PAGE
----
That’s true about several systems in Outer Worlds and it’s a shame. You know I had a thought as I wrote the script for this video. There’s a lot of interesting stuff that happens, but the biggest and most interesting moments all happen in the first hour. Edgewater is a rather interesting and pretty solid area. It’s well written, it’s fresh, and it looks great.

But if someone was to remove Edgewater, they’d be removing one of the best parts of Outer Worlds. I think so much effort went into making Edgewater an amazing opening, they forgot to make the rest of the game live up to it. The best moral choices are in Edgewater, the best characters are there. The rest of the game seems almost rushed or lacking what Edgewater sets up for the game, and that’s a shame because it means the Outer Worlds is strongest in the first hour of gameplay.

At the same time, I’m sure my comparisons to Fallout have rankled some fans. I know Obsidian has said that they don’t have the massive budget for this game, and they’re a small indie developer now and want to be viewed as one. That’s a great story. Let’s ignore the size and scope of Take 2, the company who makes the 2k sports game, and Grand Theft Auto and Red Dead Redemption.

The issue I have with the “we’re a small studio.” is that even if they don’t have a budget for it, they’re still charging 60 dollars like all AAA games. When Hellblade came out and Ninja Theory wanted to be considered an AA game they charged 40 bucks, but here, if they don’t want to be compared to the big titles, they need to charge less. And just to be clear, the prices are fine, 60 bucks is what people pay for games, but you can’t play the “We are a smaller scale game” and still charge the same price as everyone else.

Now, some people will directly compare this game to Fallout 76, and Fallout 4, and those comparisons are valid. It’s a much better game than 76, and I think it’s better than Fallout at least in a lot of ways. As much as I wanted to enjoy Boston in Fallout 4, it wasn’t as great as it could have been.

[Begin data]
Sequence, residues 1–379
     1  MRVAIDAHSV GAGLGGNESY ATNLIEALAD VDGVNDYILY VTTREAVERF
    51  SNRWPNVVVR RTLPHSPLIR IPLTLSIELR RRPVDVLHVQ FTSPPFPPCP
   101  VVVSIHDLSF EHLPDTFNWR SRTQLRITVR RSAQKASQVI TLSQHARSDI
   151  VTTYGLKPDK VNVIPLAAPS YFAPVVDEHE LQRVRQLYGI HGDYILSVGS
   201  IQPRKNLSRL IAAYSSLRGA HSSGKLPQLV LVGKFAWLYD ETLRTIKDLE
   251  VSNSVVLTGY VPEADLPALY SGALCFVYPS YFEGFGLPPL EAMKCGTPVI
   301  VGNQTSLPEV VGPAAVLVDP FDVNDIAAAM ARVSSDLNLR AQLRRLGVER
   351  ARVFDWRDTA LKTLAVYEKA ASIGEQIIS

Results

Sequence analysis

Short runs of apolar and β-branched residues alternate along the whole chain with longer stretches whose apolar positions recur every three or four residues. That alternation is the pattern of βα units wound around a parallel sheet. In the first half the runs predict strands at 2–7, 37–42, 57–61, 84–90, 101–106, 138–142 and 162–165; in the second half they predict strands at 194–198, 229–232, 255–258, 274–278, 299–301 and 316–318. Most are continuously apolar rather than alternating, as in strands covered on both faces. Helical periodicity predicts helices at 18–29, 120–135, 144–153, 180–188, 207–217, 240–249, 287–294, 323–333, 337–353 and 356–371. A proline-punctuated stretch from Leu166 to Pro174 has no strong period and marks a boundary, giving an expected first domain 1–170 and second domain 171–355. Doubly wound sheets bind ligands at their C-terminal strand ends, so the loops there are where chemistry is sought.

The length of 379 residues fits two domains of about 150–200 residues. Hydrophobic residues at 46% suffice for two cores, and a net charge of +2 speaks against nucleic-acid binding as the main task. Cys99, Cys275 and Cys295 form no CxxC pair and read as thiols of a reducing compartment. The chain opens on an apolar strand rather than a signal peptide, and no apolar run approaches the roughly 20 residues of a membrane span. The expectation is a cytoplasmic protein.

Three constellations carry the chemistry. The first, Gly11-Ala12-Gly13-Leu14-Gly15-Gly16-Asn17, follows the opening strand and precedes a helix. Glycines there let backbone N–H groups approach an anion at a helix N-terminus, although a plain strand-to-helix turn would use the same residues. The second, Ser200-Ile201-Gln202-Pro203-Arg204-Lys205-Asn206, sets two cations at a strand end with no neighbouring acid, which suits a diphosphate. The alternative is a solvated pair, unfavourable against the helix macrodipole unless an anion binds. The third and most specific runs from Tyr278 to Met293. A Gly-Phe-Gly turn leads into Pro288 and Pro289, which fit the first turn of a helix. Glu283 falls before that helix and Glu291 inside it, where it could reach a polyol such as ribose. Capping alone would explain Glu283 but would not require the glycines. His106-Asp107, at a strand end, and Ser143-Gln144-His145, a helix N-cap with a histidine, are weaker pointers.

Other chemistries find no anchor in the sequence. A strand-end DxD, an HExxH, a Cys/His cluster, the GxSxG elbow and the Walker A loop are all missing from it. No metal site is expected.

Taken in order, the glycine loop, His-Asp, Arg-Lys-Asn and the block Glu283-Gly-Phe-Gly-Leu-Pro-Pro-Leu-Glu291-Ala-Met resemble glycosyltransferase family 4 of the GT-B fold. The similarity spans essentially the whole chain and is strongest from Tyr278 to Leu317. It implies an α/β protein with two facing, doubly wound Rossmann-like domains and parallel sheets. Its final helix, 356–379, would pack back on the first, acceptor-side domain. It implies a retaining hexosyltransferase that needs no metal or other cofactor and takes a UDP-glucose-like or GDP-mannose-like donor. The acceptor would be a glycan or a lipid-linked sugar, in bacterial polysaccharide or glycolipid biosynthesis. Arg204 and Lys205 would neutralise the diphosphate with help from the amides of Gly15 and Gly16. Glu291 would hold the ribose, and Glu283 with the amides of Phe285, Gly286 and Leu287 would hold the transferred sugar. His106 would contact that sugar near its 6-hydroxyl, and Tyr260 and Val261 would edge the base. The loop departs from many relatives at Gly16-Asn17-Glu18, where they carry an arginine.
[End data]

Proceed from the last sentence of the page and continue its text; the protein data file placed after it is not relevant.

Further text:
But the thing is, people tout Outer Worlds as some great game because it beats two… arguable weak games. Just because there are not many amazing contenders to the crown, you don’t just crown the first choice. Outer Worlds might be the best “Fallout-esque game” but it has issues, and it’s not a perfect experience. It’s lacking a lot of polish that fans should expect, the story isn’t at the level that Obsidian is worthy of, and the experience just isn’t that amazing.

If you like Fallout New Vegas, go play that again, then if you want more, play this, and feel free to tell me if Outer Worlds is anywhere near as good. In my opinion. It’s really not.

I give Outer Worlds a


That’s not a bad score, but it’s not an amazing one either, and I think that’s where Outer Worlds lies. It’s a solid game, and I hope we see a more polished sequel or a new game.

I finished the game around 15 hours, I know there’s a lot of variety in time spent in the game. But I’ve heard some early reviewers claiming 40 hours of content. That’s possible for multiple playthroughs or maybe absolute completionists but this game will take you under 20 hours most likely.

That’s Outer Worlds. I did play that game on Epic Games Launcher, I have at least two more games to talk about from that store, and I might talk a little more about it as a launcher when I finish that.

Thanks for watching that, I hope you enjoyed it. If you did, make sure you subscribe and click that bell to be notified when I post something else. Feel free to share the video it’ll help grow the channel.

I honestly don’t have videos to recommend here, so I’m going to go with Dealer’s Choice and see what Youtube decides to show you.

Until next time, I’m Kinglink and thanks for watching